So, this Christmas Day, if you are enjoying the day with family and friends, remember those that are not as fortunate. Remember the military men and women who are defending our great country and her allies and were not granted leave. Remember the police on duty who are protecting and serving, the airline pilots and flight attendants who are flying people home for the holidays, the cooks and waitresses who serve up holiday food, the truckers on the road trying to get home in time for Christmas, the doctors and nurses who are on duty, the hospital patients and their families who have the misfortune to being in the hospital or nursing homes during the holidays, the highway workers who risk their lives to keep the roads open for holiday travelers. 
Remember the ones who are lost inside themselves for they are the ones who truly don't have anyone.

I wish everyone a Merry, Merry Christmas. May you have a peaceful and enjoyable day wherever you will be and whatever you will be doing. 

Christ is the reason for the season. 
Christmas Tree at The Wall
(picture borrowed from internet article about the
Vietnam Veterans Memorial Fun)

Ya'll take care of each other. I'll Cya down the road.        

15 comments:

  1. Your story brought back similar memories of Holidays in the military. Very well written!

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    1. I enjoyed your story. Is your son's health still improving? If yes, will you get back on the road sooner rather than later? Where do you plan to go next. Wishing you and yours a vey Merry Christmas and a healthy and New Year.

      Cat Lady

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    2. Meeka and Me,,,, I hope they were enjoyable memories

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    3. Hello Cat Lady. I'm glad you enjoyed it. True stories are easy to write. His health is still improving, but at a slower rate. I will hit the road either January 1st or February 1st depending on if I decide to visit with another doctor. I haven't decided yet. I need to be in Baton Rouge at the end of February for an Engineering Conference then after that I'm thinking about traveling along the Gulf Coast of MS, AL and FL then head up the Atlantic Coast. My long range destination would be Spring time in the DC area. Maybe time it with the cherry blossoms. But as usual, all plans are made in jello and subject to change. LOL.

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  2. Love the story. My favorite part was the last line.

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    1. Thanks Kim, I use that line to end every post.

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  3. My Dad was in the Air Force and we moved every 2 years until I was in high school. I don't know if he considered the schools when he rented a house but I went to what I considered the best high school, C E Byrd. I started college before SAT tests. We were tested the first week of school. I must have received a good education in spite of all the moves. I didn't have to take any remedial classes. There aren't many kids that I know that haven't had to take remedial math and english when they start college.

    Merry Christmas to you and your family.

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    1. Thanks Martha. Yes, Byrd is a good school. I know someone else that finished there.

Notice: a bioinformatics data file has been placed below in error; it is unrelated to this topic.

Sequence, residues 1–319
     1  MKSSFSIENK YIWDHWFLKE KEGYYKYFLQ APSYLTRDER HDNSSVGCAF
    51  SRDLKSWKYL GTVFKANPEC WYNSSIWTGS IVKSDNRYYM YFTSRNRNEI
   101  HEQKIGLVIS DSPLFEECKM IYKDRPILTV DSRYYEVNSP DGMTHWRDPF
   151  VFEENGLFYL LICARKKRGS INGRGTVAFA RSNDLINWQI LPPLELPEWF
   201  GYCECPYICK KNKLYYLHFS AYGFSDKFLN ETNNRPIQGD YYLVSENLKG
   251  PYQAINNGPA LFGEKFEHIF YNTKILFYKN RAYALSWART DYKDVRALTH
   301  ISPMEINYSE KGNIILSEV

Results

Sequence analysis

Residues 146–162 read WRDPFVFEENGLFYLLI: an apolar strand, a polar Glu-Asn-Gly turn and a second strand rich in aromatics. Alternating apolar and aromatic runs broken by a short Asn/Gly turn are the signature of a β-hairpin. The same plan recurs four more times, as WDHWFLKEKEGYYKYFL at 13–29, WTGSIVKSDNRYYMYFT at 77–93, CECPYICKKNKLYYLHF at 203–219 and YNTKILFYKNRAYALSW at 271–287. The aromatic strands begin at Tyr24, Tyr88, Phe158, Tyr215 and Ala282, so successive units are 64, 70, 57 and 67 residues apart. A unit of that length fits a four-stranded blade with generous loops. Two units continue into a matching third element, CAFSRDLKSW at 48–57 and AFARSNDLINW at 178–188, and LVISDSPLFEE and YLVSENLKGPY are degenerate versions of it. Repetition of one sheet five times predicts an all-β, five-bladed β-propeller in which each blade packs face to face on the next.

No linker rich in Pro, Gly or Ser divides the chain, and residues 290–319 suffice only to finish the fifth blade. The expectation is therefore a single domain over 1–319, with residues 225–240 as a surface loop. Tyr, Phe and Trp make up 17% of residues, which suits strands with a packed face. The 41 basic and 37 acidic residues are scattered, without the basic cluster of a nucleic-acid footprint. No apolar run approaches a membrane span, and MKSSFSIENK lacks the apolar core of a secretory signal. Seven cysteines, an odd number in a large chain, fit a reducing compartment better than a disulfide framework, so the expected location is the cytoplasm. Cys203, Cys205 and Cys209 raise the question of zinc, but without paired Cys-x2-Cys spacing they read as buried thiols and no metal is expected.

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  4. Enjoyed the story. It's a good thing our Mom didn't know all that u went thru--she would have gone to Orlando and told them to quit mistreating "her baby" !!

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    1. Thanks Phyl, glad you liked it. Yes, she sure would have tried. LOL

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  5. Hello Darrell
    Your stories brought back lots of memories, I also joined the Navy at 17 and went to Great Lakes in Oct. of 72. I started in the old side and then we moved to the new side, this was the start of the coldest, windy winter of my life. I have retired this year and my wife and I have started traveling in a 36SE Winnebago journey. We will be back in Alabama in January with intentions to travel through Texas. Perhaps we will meet on the road, A Merry Christmas to you and yours.
    Steven

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    1. Hello Steven, Merry Christmas
      Thanks for the comment. I hope the memories were mostly good ones. I went to Great Lakes after boot camp to attend "A" school. Ya'll will enjoy traveling through Texas. The Texas State Parks are great, some of the best in the country. I have stayed in over a dozen of them and you can get an idea of them from my blog post. The only one I won't go back to is Falcon State Park. Be very careful if you go there. Other than that, enjoy your travels. If you're not already keeping one, think about starting a blog. It is a great electronic way to organize your pictures and memories. I hope we run into each other down the road. Cya.

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    2. thanks for your reply, I may have posted twice, as I haven't done this before and thought the first post was lost. Thanks for the park recommendation.
      Steven

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  6. I entered the Air Force as a 18 year old and asked to wait until after XMAS to be sent to Boot Camp. I was sent to Boot Camp in October and spent XMAS day of 1967, all day, 4 am to 8 pm, performing KP. Our drill sergeant wanted to be with his family so he marched us over to the chow hall that morning, went home, then came back that evening to march us back to the barracks. It was a very exhausting day for me of washing pots, pealing potatoes, filling milk containers, and wondering what my family at home was doing. The following XMAS I was walking a flight line guarding F100's loaded with nuclear bombs at a Turkish (NATO) air base.

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    1. Hello Gene,
      Seems this post has sparked memories from a lot of vets and their families. Hope you had a Merry Christmas